Talked-about Pan-Asian restaurant Novikov makes its debut in Dubai: was it as good as anticipated? 

When walking into a restaurant, the first five metres can be crucial in how much you enjoy the food to follow. As entrances go, the one at Novikov is hard to beat in Dubai. Into the lobby, up the lift and, boom, you’re in a cosy yet cavernous wooden bowl.

Hanging from the ceiling are giant black globes that look like they’re cracking and about to spill red lava, and above, high up in the roof, is a DJ booth. Over to the left by the open kitchen is a huge, beautiful display of fruit, vegetables and seafood, while roasted, bronzed ducks hang behind – a nod to the Pan-Asian food to follow. A man sits at one table wearing sunglasses and a trilby, while almost every other table is filled with locals clutching mobile phones and very expensive bags. Clearly, word of Novikov’s success and starry clientele in their Moscow and London branches has reached Dubai.


The menu is large with sections of appetisers, dim sum (steamed and fried), sushi, sashimi, rice, noodles, tempura, and dishes from the grill and wok. Service was faster than the sports cars lined up outside so take your time and enjoy the atmosphere.

Crab and avocado salad (Dhs95) was a good start with diced cucumber adding a lightness to the creamy avocado. A spicy tuna maki roll (Dhs65) needed a smidge more spice. Four simple slivers of yellowtail sashimi (Dhs85) were topped with a circle of red chili that made it look like a flag of an obscure African country; add a coriander sprig and it’s a magical mouthful. The spicy prawn money bag dim sum (Dhs40) was just about the prettiest dish we’ve seen in ages. Tied with a chive, the delicate parcels of chunky prawn could have been a money bag emoji.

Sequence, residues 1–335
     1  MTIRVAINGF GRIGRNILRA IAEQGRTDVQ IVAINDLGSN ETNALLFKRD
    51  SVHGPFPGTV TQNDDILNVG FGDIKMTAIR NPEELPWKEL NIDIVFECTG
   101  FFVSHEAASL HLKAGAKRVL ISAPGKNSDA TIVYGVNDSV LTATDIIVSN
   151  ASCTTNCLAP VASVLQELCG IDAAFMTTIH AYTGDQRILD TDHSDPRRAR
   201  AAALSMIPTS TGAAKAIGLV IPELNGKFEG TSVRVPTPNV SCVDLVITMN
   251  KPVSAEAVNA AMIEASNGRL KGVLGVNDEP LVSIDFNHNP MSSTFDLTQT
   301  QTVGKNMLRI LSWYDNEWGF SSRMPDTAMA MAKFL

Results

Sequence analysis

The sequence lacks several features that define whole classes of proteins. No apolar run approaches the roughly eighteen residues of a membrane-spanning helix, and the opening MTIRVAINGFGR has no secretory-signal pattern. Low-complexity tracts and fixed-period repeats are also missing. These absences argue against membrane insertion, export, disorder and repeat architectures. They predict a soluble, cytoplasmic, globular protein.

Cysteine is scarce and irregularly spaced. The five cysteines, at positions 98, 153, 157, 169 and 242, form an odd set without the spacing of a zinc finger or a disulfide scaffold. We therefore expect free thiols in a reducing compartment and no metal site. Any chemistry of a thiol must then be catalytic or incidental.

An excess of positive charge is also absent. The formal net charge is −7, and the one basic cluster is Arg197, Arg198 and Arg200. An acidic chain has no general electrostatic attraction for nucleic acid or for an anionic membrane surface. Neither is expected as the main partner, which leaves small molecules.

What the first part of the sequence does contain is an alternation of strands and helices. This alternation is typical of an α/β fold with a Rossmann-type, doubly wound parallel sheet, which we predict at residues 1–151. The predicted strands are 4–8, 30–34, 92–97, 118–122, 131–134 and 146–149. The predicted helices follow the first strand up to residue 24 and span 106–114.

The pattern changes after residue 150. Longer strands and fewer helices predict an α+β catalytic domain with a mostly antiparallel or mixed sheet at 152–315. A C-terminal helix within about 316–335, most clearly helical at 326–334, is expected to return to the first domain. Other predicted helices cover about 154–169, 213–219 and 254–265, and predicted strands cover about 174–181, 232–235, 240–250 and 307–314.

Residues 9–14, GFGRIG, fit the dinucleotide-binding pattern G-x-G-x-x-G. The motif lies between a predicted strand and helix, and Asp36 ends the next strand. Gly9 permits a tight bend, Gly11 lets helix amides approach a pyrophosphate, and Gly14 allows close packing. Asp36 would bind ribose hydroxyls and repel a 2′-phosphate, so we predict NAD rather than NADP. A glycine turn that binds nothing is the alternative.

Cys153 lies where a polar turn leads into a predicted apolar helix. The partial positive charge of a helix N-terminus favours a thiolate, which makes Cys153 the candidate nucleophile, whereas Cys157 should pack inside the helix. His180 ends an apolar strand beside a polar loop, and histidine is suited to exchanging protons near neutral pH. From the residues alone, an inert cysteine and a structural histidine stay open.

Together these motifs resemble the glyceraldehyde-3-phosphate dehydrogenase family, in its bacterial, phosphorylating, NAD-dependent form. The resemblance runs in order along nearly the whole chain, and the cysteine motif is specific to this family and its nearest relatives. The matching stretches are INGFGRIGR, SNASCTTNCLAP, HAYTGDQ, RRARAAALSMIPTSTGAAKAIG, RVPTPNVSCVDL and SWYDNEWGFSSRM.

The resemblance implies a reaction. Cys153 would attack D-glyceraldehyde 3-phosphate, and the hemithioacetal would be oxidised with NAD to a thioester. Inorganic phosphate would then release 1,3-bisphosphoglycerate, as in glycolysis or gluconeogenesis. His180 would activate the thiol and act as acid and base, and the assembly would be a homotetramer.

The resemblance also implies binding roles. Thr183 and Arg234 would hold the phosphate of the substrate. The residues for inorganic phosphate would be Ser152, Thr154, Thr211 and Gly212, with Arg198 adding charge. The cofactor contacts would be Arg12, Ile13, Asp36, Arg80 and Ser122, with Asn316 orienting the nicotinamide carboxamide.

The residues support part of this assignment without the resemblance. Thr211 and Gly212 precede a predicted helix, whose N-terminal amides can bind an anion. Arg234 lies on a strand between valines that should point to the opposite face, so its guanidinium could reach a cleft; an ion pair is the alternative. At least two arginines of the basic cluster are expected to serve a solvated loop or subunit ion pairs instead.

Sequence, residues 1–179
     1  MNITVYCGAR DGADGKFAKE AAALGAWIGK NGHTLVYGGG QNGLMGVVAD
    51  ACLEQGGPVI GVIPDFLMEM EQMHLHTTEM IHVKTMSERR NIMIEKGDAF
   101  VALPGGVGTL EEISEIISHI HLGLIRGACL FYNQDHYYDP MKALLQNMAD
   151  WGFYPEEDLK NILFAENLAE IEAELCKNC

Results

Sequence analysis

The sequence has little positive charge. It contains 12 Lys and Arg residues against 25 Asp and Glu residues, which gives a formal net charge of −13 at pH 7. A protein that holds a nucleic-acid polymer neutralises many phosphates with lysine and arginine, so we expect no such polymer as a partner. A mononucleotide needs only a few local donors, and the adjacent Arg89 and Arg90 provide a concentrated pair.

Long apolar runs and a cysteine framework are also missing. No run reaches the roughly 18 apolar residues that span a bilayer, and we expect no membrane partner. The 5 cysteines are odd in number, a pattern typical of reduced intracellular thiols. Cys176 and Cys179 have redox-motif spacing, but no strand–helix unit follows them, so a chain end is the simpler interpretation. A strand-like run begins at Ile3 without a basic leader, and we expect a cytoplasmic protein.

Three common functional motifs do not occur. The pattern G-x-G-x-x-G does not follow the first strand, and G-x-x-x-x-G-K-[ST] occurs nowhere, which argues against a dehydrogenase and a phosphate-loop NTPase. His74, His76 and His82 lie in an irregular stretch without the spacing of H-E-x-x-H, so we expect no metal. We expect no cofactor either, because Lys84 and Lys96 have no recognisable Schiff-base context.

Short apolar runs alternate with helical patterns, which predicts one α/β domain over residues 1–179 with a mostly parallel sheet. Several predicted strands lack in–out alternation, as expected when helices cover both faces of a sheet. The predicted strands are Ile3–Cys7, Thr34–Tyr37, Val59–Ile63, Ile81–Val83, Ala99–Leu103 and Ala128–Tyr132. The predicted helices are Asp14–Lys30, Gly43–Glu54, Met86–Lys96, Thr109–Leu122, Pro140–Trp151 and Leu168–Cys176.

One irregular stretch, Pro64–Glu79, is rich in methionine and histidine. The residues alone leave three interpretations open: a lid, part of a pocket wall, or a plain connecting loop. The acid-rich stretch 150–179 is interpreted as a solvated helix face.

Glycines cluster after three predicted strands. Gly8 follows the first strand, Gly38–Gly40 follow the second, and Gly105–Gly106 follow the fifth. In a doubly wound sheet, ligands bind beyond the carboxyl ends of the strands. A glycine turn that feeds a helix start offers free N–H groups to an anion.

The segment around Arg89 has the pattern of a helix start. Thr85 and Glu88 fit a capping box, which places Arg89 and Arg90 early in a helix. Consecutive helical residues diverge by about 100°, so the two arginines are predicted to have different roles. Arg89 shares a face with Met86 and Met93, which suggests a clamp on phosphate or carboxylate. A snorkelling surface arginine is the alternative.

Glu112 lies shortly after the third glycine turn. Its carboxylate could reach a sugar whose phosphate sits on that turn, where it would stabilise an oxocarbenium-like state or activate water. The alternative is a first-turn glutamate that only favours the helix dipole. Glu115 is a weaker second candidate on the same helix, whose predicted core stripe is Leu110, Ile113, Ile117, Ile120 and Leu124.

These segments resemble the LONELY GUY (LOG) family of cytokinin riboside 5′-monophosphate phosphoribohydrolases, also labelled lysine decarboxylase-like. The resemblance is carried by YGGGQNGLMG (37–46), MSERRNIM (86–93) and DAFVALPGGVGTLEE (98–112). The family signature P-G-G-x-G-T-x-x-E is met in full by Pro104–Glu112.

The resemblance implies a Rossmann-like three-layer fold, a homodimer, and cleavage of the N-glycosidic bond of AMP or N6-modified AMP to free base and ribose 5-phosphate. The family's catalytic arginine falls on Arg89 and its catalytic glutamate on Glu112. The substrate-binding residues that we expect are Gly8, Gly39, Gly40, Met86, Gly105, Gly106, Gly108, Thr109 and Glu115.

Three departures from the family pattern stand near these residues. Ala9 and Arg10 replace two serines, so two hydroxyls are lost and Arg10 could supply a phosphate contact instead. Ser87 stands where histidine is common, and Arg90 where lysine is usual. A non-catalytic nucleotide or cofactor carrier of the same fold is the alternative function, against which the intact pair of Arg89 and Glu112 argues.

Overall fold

Portions weren’t huge so the substantial main course of steamed sea bass (Dhs110) was welcome. Juicy, sticky and silky, the fish was paired nicely with a ginger and soy dressing. Four skewers of grilled asparagus that had been cut into three-centimetre rods were wonderfully earthy (Dhs45), while a plate of Singapore noodles with prawns was salty, smoky and just asking to be gobbled up. The Peking duck (Dhs115) was standard – strips of cucumber, spring onion, pancakes and a dish of hoi sin sauce – but the duck had been cut into eight squares, which was Novikov’s slightly OCD way of smartening up the dish.


For dessert the vanilla yoghurt baked cheesecake (Dhs70) was perhaps the highlight of the meal. The combination of the salty, crunchy base and the sour yoghurt could not have been better. We could still taste the yuzu sorbet as we walked back out of this buzzing restaurant, took the lift down and into the lobby, thinking we’d like to do it all again.

Sheraton Grand Hotel, Sheikh Zayed Road, Dubai, daily 6pm to 11.30pm. Tel: (04) 38888744. Metro: World Trade Centre.


Food rating: A

Atmosphere: Fancy & Party   

Price: Dhs750+ for two